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Britain's GCHQ calls allegations it wiretapped Trump 'nonsense' and 'utterly ridiculous'

The British intelligence and security agency GCHQ is adamantly denying claims that it wiretapped President Trump before the election.

The allegations were first made by former judge Andrew Napolitano on Fox News, and in Thursday's White House press briefing, Press Secretary Sean Spicer quoted him as saying: "Three intelligence sources have informed Fox News that President Obama went outside the chain of command. He didn't use the NSA, he didn't use the CIA, he didn't use the FBI, and he didn't use the Department of Justice, he used GCHQ."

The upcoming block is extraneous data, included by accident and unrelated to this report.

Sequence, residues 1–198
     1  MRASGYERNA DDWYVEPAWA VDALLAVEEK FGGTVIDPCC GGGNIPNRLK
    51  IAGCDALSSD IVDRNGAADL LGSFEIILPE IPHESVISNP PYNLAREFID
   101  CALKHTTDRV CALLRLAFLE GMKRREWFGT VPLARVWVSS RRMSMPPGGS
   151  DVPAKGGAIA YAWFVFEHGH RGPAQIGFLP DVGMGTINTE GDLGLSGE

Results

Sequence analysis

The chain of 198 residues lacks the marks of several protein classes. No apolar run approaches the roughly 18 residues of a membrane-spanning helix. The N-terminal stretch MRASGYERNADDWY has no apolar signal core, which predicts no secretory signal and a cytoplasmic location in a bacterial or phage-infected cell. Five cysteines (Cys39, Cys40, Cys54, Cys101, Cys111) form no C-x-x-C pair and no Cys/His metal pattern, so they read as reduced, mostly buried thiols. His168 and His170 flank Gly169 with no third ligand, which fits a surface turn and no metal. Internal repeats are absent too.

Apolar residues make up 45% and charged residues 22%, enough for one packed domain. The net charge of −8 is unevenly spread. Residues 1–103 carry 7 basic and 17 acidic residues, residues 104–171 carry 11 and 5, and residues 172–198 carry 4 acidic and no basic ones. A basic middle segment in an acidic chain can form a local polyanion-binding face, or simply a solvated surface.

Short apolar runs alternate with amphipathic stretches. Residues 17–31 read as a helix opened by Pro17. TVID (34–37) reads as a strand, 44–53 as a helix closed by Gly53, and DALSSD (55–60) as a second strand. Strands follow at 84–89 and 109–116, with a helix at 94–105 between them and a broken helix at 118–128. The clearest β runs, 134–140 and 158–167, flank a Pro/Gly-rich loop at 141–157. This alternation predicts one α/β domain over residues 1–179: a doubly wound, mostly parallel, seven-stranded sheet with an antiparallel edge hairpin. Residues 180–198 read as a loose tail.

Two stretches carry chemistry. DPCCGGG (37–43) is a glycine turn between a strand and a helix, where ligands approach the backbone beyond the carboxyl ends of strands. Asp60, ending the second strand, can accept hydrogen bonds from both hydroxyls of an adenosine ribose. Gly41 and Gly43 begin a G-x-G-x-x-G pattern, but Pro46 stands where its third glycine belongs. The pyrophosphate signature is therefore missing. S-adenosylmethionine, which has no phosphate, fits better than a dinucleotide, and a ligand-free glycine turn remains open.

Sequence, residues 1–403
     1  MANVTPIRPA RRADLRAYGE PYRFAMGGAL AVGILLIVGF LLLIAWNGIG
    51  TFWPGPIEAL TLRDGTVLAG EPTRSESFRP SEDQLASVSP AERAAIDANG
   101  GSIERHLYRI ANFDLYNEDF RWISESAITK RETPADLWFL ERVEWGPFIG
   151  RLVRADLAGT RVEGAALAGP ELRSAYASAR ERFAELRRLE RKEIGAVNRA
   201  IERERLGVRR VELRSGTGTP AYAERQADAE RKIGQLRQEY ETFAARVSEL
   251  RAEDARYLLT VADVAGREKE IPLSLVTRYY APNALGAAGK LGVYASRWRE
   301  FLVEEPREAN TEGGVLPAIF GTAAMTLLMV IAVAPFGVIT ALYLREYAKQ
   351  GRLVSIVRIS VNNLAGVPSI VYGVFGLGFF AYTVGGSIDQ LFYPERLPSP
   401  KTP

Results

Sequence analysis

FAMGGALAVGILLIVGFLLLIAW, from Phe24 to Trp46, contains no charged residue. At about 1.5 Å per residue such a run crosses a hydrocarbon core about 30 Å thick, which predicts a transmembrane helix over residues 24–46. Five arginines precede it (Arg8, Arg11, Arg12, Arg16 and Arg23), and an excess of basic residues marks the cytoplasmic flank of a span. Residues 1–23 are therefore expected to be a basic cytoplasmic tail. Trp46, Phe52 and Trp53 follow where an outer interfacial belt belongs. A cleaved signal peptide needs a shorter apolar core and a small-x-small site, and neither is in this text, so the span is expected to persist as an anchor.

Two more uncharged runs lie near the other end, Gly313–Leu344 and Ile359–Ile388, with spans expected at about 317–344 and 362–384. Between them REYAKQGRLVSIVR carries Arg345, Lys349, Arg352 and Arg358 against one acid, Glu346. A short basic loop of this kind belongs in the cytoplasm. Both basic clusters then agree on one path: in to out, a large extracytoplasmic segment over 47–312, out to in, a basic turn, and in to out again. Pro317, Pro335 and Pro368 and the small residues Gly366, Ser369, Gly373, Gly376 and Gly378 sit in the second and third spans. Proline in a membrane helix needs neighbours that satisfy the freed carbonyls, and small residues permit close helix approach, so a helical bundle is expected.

A GCHQ spokesman called these claims "nonsense" and "utterly ridiculous," adding that they "should be ignored." The GCHQ normally does not comment on intelligence work, following its policy of neither confirming nor denying activity, BBC News says, but this is such a sensitive subject that the agency felt it was necessary to respond publicly. Trump has alleged that Obama wiretapped Trump Tower before the presidential election, but has yet to produce any evidence backing up his claims. The Senate Intelligence Committee declared Thursday that there are "no indications" this ever happened.